I strongly urge all students (undergraduates & graduates) to pick a citation management system and learn how to use it. There are various kinds of citation database applications. Some are resident on your machine (like Endnote) while others are web-based (e.g. Refworks). Many, including Zotero, have both desktop and web-based options. Some you pay for, others are free. Wikipedia has a good comparison page here.
The point of these applications is that you can build (and share) lists of references and scholarly sources and they significantly ease the burden of building a bibliography. I started many years ago entering all my reprints (yes, they were paper reprints) into Endnote. I used it mainly to organize and index which manilla folder each reprint was in. In grad school, I used it to build bibliographies for papers and publications and ultimately my dissertation. With each new writing project, I added the new references to my database of sources. Subsequent bibliographies were easier to build since I only need to copy and paste references I had already entered into a new bibliography file and add any new sources I was citing.
Since coming to UNF, I’ve switched to Zotero and it has become my go-to citation management. Here is a good tutorial on Zotero. What I like is that Zotero is (1) free, (2) web-based so it’s always available on any machine I”m using (3) there’s an iPad app for it, (4) it has a wonderful system for adding citations that I might encounter on JSTOR or other online journal article repositories, (5) it has a plethora of citation styles, and (6) it’s darn easy to use once you get used to it. I no longer am adding to my paper reprints file, but I have an ever growing electronic library of PDFs. And many of these are included in my references database.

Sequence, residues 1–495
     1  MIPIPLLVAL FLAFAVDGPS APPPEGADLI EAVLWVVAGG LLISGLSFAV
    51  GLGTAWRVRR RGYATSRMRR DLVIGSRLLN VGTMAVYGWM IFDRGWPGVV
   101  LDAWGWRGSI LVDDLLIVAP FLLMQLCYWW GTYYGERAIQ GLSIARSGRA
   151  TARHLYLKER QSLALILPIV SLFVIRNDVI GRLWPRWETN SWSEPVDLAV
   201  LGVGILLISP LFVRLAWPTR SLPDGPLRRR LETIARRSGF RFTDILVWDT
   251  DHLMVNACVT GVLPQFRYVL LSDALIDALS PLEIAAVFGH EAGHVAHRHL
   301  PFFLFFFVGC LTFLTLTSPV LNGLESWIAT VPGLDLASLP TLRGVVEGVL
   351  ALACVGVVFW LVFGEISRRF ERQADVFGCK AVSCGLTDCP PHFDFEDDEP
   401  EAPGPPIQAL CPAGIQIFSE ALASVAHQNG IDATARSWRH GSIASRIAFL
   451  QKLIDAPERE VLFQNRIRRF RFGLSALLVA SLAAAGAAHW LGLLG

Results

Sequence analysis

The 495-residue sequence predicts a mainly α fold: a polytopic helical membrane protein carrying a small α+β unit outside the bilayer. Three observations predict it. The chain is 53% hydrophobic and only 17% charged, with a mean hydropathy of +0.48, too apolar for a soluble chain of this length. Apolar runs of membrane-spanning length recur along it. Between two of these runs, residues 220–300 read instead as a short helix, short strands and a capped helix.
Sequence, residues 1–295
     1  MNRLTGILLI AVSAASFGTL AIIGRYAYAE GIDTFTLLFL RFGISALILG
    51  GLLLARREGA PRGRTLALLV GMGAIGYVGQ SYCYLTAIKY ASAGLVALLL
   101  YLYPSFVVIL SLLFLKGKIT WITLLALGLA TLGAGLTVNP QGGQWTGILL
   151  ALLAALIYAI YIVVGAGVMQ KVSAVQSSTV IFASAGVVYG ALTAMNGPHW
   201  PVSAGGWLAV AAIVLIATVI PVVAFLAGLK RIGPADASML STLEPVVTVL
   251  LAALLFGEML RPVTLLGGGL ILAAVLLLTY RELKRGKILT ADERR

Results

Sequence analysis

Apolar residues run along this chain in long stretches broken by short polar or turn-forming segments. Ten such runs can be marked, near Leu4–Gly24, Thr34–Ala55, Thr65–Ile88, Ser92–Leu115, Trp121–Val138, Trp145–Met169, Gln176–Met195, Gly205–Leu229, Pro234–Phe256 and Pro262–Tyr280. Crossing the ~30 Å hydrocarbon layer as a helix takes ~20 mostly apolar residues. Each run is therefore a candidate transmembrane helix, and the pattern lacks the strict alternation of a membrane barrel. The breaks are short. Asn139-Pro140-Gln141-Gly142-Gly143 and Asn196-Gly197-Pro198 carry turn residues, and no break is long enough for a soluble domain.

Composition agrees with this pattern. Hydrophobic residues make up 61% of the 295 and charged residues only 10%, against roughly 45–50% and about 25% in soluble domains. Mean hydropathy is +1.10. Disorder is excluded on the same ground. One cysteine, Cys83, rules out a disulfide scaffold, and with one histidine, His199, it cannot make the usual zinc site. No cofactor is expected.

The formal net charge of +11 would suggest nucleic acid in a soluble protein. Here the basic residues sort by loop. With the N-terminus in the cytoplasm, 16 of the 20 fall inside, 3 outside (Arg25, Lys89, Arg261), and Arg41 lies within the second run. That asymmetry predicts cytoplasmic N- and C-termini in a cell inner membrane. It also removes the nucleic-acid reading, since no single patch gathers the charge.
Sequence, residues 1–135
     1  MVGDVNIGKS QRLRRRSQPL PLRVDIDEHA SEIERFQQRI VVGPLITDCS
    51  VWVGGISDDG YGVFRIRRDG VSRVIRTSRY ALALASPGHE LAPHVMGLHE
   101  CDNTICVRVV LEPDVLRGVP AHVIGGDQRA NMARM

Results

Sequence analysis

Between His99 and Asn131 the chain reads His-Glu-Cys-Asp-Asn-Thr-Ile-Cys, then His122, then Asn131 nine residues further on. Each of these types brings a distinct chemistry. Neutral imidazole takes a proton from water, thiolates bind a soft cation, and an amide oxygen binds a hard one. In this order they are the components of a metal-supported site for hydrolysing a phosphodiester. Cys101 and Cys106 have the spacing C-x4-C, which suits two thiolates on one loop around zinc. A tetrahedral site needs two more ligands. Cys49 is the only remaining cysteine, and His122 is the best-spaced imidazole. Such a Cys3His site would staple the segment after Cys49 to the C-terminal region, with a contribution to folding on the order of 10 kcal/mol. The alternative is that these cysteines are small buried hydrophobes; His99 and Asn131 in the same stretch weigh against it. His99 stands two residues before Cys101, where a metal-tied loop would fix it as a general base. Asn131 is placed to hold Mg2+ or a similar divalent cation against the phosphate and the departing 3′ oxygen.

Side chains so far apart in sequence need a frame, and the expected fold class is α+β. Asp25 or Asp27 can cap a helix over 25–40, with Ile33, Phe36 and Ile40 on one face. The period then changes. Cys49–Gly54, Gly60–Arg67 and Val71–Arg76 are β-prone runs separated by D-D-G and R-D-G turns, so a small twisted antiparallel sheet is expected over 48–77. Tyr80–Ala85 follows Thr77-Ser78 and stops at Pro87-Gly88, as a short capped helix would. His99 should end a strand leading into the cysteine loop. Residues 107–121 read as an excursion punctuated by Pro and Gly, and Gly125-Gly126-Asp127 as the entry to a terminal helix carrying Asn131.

A recent expereince has reminded me how useful Zotero (and other citation systems) can be. An editor of a volume that I’m contributing a chapter to asked me to re-do my bibliography in the style required by the publisher. What could have been a full day of painful formatting was (with Zotero’s help) a 20 minute job….and that included finding and installing the publisher’s required citation style from Zotero’s repository of styles. Long gone are the days of building a bibliography by hand and all the pain that that involved.